Although Tor is made to handle any TCP traffic, the majority of applications are not designed with anonymity and/or privacy in mind. Thus, torifying an application can be tricky. You have to make sure that there is no leak i.e connections routed outside the Tor circuit. A pretty usual example is DNS leaks. If you want to use other applications apart from a ...


15

It is easy for any website owner to know you are using Tor because the list of Tor exit nodes is publicly available. Google has said they are not specifically targeting Tor users by making them solve captchas. Rather it is because each exit node sends so much traffic to Google that the traffic patterns seem similar to those of a bot, which would also send a ...


13

No. Or at least, there aren't supposed to be any ways for the interaction to hurt your anonymity. If you find any, please let us know! That said (and because there are always exceptions), check out the paper "Website Detection Using Remote Traffic Analysis" from PETS 2012. If your non-Tor traffic is interacting with the adversary (which might be more ...


13

I believe that all of your questions can be answered by explaining the underlying threat when running any relay on the same Tor as a hidden service: Relays publish bandwidth information about their usage and availability to enable the Tor network to efficiently route traffic and provide bandwidth where it is needed. Given that I see bandwidth information ...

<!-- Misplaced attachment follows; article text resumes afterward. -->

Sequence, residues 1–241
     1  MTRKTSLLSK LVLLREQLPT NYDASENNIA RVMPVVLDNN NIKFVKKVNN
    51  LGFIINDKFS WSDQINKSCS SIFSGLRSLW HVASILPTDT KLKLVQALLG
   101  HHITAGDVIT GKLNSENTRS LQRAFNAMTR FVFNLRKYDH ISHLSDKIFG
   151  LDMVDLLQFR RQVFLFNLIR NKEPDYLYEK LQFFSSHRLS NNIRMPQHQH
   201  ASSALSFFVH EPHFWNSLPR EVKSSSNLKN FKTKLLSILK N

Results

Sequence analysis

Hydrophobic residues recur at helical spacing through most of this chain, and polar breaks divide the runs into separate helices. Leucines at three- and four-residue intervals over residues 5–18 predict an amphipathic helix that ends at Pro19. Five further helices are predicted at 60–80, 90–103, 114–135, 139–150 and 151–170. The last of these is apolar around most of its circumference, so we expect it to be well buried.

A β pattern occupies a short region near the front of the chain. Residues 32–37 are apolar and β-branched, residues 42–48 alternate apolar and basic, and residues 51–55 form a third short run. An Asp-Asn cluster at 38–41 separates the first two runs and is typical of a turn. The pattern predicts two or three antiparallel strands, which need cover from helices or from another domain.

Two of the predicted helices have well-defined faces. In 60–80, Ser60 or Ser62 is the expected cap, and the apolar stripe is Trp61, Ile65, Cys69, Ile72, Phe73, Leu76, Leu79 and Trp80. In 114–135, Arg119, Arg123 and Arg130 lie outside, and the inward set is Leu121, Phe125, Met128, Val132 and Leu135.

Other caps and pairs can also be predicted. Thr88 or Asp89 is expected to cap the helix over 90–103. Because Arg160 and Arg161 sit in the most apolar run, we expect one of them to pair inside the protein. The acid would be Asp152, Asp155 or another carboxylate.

12

Some advantages and some concerns to point out, partly in reference to pabouk's answer: Good Stuff When you run a Tor VM, chances are high that the VM software is based on some operating system other than Windows. Because Windows still has a huge market share, most publicly-known software vulnerabilities target Windows, and most man-hours spent researching ...


12

As Roger Dingledine wrote, please do not do it. He also described good alternatives. Basically some torrent clients allow to communicate over a socks proxy so they can be redirected to a Tor client acting as a socks proxy. In fact in many cases there could be a lot of information leakage as described in this paper: Compromising Tor Anonymity Exploiting P2P ...


11

Your question is quite hard to answer, because as far as I know the special capabilities of the agencies in this field are yet unknown. However you can first look into Tor's design document. Section 3.1 states: A global passive adversary is the most commonly assumed threat when analyzing theoretical anonymity designs. But like all practical low-latency ...


11